True Quality CleaningStraight talk about caring for fine garments & household textiles from an expert who calls it like it is. In plain English.

RAVE FabriCARE welcomes Procter & Gamble to the drycleaning marketplace

Tide drycleanersProcter & Gamble (P&G), the folks who brought you "at home drycleaning" (Dryel) are now rolling out "away from home drycleaning" (Tide Dry Cleaners).

Tide Dry Cleaners will feature the orange and blue Tide logo and use Tide products wherever possible. New franchisees also get access to computer systems, training and other support.

And the investment required?

$54,000 for the initial franchise fee, $650,000 to $900,000 for a stand-alone building, 7% of sales as a royalty fee and 5% of sales for mandated advertising. That's, of course, before equipment and start-up costs.

So what does this all mean for the quality of their product?

Simply this: if their prices even remotely reflect the highly competitive drycleaning market, each location would have to push an incredible number of pieces through their system just to cover these "fixed" costs. And it's axiomatic that high piece volume translates into poor product quality. And that poor product quality translates into ...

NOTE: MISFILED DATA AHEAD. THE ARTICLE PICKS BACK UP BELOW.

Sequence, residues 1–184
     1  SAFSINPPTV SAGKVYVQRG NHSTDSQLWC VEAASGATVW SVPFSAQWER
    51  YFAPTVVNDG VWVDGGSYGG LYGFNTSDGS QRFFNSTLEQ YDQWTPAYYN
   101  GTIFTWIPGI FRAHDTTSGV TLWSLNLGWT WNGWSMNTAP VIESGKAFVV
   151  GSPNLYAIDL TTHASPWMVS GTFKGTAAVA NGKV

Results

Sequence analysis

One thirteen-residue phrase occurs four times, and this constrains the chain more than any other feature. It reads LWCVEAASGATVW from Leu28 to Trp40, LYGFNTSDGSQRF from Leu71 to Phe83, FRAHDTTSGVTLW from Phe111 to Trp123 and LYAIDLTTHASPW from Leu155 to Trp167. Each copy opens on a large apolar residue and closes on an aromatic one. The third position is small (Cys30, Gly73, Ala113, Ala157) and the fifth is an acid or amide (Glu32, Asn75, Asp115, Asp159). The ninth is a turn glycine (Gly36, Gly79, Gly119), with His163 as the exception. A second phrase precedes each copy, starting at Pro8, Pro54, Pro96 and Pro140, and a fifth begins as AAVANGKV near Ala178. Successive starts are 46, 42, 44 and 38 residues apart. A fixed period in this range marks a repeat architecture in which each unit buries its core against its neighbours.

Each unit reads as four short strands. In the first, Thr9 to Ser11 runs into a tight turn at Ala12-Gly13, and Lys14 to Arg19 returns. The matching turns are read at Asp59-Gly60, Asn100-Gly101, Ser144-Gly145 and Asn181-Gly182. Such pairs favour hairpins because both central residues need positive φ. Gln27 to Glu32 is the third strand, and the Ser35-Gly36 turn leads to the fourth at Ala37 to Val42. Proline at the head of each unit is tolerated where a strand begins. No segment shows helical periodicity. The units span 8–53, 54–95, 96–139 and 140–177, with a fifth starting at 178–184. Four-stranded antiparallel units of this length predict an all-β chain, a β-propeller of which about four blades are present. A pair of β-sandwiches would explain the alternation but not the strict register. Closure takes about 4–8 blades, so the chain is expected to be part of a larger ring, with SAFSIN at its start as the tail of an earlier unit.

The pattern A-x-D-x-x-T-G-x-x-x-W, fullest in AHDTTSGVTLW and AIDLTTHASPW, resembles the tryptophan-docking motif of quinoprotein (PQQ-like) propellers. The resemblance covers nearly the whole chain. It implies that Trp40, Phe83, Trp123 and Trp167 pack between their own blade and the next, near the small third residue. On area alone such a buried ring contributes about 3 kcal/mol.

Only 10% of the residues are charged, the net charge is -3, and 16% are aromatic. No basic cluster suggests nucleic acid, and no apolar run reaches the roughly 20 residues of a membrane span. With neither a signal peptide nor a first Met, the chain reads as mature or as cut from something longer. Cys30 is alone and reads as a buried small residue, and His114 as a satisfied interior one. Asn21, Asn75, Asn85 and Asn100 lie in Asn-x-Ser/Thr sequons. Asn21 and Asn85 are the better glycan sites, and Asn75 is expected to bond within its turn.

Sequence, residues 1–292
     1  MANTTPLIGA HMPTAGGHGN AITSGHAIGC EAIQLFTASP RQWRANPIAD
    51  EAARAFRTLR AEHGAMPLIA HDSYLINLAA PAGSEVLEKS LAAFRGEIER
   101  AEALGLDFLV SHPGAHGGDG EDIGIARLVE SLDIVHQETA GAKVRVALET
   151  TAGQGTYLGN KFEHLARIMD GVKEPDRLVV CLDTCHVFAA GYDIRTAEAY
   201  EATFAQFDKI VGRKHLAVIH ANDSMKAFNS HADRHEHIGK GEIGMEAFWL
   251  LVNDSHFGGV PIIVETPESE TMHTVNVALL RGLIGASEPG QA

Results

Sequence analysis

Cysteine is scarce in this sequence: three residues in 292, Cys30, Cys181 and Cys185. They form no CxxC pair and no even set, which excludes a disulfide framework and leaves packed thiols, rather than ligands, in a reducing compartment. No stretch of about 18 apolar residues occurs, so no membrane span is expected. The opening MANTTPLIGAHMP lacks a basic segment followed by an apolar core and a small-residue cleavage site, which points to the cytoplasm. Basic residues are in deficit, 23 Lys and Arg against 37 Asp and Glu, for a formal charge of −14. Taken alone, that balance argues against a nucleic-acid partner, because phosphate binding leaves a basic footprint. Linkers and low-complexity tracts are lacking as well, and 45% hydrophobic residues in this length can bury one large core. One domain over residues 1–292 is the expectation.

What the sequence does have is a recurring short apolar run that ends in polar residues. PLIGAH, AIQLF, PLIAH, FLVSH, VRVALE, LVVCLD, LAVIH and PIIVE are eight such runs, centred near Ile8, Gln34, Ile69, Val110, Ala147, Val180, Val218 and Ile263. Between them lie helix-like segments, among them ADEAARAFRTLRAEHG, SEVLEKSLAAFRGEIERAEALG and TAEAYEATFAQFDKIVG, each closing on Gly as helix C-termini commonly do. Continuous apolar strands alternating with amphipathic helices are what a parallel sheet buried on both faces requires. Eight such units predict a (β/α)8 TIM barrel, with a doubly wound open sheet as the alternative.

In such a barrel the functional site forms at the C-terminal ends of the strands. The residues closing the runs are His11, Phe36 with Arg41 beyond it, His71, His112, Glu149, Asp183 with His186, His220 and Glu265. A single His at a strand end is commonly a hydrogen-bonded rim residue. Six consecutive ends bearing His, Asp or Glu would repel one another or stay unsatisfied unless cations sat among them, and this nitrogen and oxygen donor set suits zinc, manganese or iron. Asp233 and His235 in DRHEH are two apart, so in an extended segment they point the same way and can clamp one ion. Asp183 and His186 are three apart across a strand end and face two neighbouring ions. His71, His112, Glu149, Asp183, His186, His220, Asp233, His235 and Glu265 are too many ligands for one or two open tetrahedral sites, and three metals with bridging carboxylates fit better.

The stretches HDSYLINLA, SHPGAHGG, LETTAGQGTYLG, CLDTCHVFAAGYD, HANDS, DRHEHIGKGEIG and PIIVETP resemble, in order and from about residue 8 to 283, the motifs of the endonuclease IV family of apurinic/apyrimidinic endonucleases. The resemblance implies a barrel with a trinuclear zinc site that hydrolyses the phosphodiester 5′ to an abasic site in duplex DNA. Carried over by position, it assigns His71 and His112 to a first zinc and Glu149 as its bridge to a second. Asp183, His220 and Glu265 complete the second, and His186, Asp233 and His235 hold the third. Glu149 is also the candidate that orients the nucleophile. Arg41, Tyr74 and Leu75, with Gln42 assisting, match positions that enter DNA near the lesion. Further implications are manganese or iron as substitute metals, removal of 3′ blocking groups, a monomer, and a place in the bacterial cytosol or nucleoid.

P&G's hope, of course, is that, unlike Dryel, this concept might actually work.

I can just imagine the thinking behind the concept ...

P&G knows drycleaning; after all, consumers use their Dryel at home drycleaning product. P&G knows the franchise/service industry; after all, consumers use their Mr. Clean car washes. Consumers trust Tide detergents; consumers will trust Tide Dry Cleaners. Tide detergents are used by consumers; Tide detergents can be used by a drycleaner. Tide detergents are produced on a production line; ordinary cleaners operate a garment cleaning and pressing production line. Tide relies extensively on coupons; drycleaners love to market their services with coupons.

Given the confidence engendered by this thinking, here's what I don't understand: if P&G truly believed in the drycleaning industry (a $9 billion per year industry), why go the franchising route? Why not utilize their vast financial resources and technical skills to develop the first national drycleaning brand and reap all the resultant profits for themselves?

Clearly, P&G believes that they're going to revolutionize the industry, that their business model is very different, and that they can quickly achieve economies of scale with multiple, cookie-cutter stores in a specific geographic area. In other words, P&G believes that they know better than everyone else who preceded them into the drycleaning market.

P&G, say hello to US Dry Cleaning Corp., National Dry Cleaners, Purple Tie (the smart guys from autoweb.com) and Zoots (the even smarter guys from Staples). Much to their chagrin these folks found out that the simple business of drycleaning is actually quite complex.

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